Where did you learn about nutrition? Was it primarily at home supplemented by a few teachers as you navigated K through 12? Studies have shown that it probably wasn’t during medical school (American Heart Association News, April 30, 2018). A survey of one-third of medicals schools done in 1985 found “inadequate exposure to nutrition,” which prompted the National Academy of Sciences to recommend a minimum of 25 classroom hours. A more recent survey in 2013 discovered that 71% percent of medical schools fail to meet that benchmark.
I certainly don’t recall receiving any teaching in medical school that was specifically targeted at nutrition. And to be perfectly honest I never felt that I had missed anything. It’s not that I don’t believe nutrition is important. What we eat joins exercise and sleep at the core of a healthy lifestyle. The problem is that I was never confident that I or anyone else knew what a healthy diet should be. I learned what happened if child didn’t eat enough fruits and vegetables or consume enough vitamin D. But the tide seemed to keep going in and out on how much of each category of food was optimal. What was the perfect nutritional pyramid? And then there was the whole apparent flip-flop on eggs. For myself, I tried to follow the old dictum “everything in moderation ... including moderation.”
Don’t misunderstand me. I think dietitians have a critical role in health maintenance and disease management and should be on the forefront of our efforts to seek the causes of those medical conditions that have yet to be fully explained. It would be a mistake to recommend a low-salt diet to a patient without encouraging him or her (and the family) to consult with a dietitian. However, is having a medical students spend an afternoon in a kitchen preparing a low-salt diet a worthwhile investment of 4 precious hours of their educational time? It sounds cool, and at the end of the day, the student will certainly have a better understanding of how difficult his dietary recommendations will be to follow. But if the student ends up being a pediatrician, how often will he look back on the kitchen experience as a positive?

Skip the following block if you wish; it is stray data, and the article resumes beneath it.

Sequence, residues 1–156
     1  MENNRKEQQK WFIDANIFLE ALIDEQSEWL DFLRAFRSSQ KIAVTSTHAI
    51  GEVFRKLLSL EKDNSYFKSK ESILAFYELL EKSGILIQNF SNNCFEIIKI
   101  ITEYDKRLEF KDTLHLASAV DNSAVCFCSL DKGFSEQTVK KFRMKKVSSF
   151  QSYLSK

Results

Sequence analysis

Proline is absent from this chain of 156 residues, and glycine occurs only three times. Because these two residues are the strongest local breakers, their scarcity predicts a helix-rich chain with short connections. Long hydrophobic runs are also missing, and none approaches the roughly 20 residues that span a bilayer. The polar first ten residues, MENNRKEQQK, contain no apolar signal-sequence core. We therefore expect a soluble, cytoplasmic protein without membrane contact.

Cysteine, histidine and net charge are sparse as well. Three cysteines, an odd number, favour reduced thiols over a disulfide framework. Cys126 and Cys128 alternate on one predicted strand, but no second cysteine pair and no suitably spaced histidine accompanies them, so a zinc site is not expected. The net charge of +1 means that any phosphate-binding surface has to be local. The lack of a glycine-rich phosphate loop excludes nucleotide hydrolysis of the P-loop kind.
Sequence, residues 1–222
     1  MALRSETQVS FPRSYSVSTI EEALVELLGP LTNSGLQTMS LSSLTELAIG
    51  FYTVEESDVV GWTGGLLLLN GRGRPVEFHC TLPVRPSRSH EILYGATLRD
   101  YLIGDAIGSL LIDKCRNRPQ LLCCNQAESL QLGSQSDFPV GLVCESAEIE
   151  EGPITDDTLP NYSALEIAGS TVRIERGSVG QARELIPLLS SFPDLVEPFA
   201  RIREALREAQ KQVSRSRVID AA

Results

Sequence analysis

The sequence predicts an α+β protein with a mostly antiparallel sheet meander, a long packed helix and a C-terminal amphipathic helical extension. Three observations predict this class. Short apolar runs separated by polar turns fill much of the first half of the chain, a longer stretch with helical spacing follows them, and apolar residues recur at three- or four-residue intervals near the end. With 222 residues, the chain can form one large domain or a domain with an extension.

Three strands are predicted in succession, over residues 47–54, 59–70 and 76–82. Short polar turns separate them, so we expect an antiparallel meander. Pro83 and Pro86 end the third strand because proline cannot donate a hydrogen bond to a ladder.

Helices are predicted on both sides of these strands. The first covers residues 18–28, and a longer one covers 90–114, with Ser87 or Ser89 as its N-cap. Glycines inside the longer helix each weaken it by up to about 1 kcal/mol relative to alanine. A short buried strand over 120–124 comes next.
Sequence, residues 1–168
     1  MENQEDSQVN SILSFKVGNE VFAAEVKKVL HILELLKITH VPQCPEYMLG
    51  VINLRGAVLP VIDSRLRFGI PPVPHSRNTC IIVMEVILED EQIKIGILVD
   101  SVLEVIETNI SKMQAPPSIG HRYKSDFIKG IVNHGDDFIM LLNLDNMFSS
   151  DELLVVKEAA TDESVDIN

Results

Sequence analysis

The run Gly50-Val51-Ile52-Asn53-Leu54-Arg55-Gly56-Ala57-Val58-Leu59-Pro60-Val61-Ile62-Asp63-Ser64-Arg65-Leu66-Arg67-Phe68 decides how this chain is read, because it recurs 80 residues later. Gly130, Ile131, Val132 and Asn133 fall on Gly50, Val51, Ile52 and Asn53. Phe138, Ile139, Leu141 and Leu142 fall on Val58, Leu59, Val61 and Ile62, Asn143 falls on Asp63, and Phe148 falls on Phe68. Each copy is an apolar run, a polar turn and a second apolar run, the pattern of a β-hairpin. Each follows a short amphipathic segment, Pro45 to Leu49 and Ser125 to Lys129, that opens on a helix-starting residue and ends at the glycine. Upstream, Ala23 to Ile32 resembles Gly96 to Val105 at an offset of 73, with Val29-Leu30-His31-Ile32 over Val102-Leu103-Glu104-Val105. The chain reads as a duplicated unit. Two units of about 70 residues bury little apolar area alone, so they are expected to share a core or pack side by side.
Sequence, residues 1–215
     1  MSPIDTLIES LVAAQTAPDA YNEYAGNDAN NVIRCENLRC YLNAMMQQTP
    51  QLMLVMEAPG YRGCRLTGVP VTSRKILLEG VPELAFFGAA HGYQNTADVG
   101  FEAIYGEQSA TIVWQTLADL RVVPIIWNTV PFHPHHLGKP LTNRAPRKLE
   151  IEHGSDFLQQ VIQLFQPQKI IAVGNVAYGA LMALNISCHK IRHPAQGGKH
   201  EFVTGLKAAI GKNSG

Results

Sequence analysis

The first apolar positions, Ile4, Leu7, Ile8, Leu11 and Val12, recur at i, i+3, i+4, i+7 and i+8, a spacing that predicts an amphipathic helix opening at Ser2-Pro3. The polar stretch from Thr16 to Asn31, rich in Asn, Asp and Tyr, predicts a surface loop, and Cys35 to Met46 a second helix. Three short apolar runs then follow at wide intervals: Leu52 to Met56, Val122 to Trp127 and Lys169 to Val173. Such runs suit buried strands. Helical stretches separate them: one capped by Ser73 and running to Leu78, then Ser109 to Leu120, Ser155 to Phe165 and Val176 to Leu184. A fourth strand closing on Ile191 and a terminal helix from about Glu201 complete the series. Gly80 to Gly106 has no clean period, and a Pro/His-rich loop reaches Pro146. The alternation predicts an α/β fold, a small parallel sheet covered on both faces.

Giving specific and detailed instruction on how to shop for and prepare a medically prescribed diet can be very time consuming, and it can’t be done well without close follow-up that might even include a home visit or two. In some practices, the best option is to have a dietitian on the team.
Dr. Wilkoff practiced primary care pediatrics in Brunswick, Maine, for nearly 40 years. He has authored several books on behavioral pediatrics, including “How to Say No to Your Toddler.” Email him at firstname.lastname@example.org.